Eighteen Israeli peace and human rights organizations have issued a joint statement in which they express their solidarity with the the NGO “Breaking the Silence” after the organization’s spokesperson was interrogated by police last week. The signatories included Amnesty Israel, B’Tselem, Combatants for Peace, Standing Together and Peace Now. “We stand with our friends in Breaking the Silence and will not be silent until the occupation ends. The [police] investigation is not meant to achieve justice but rather to intimidate the critics of the occupation from expressing their opinion,” the statement read.
A few weeks ago, far-right Justice Minister Ayelet Shaked called on Israel’s attorney general to investigate claims made by Dean Issacharoff, the spokesperson of the anti-occupation group Breaking the Silence, about an incident during his army service in which, by his own admission, he beat up a Palestinian detainee.
Two weeks later, the investigation was launched. The State Prosecutor’s Office denied any connection between Shaked’s call and the decision to launch an investigation. Shaked has no legal standing to ask for an investigation. While the function of justice minister entails some administrative control of Israel’s legal apparatus, it has no authority in matters relating to actual investigations or prosecution. Nevertheless, Shaked used her position to press for an investigation of a veterans’ anti-occupation group that she and her party, HaBayit HaYehudi (the Jewish Home), along with much of Benjamin Netanyahu’s government, routinely describe as traitors who must be silenced.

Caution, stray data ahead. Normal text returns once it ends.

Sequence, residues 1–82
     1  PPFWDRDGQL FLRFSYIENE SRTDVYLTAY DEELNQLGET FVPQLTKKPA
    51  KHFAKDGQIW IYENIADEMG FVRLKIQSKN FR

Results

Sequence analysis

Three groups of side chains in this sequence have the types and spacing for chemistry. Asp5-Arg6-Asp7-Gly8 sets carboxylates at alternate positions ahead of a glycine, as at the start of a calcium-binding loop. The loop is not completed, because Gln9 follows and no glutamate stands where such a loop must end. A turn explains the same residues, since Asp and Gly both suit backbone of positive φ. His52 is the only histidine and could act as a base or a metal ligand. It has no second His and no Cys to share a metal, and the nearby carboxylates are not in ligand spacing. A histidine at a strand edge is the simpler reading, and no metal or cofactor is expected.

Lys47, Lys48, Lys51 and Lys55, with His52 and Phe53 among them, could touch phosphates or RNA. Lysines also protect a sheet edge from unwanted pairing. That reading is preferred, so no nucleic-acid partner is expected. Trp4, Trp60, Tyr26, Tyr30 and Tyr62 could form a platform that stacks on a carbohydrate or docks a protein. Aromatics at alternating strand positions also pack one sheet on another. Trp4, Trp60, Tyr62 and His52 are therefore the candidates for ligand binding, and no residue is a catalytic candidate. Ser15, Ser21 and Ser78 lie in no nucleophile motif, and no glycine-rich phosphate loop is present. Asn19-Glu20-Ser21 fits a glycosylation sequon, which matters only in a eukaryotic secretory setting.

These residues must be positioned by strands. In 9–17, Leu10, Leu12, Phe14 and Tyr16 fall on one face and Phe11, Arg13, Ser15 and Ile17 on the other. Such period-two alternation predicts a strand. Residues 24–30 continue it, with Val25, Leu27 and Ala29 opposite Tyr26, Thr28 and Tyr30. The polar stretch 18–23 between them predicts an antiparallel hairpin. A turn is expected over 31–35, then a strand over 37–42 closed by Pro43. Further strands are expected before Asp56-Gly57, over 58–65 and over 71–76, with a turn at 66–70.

According to Amos Harel, Haaretz correspondent for security affairs, “the state prosecutor’s decision to summon the spokesman for the anti-occupation veterans’ group Breaking the Silence for questioning – after 1st Lieutenant (reserves) Dean Issacharoff admitted on video that he beat a Palestinian during his army service in Hebron – is a case of selective enforcement. Calling Issacharoff in for questioning does not look like an attempt to get at the truth. It appears to be an effort to deter those who speak about the harm caused by the occupation, and to ensure that those who succeed him won’t ever dare speak out.”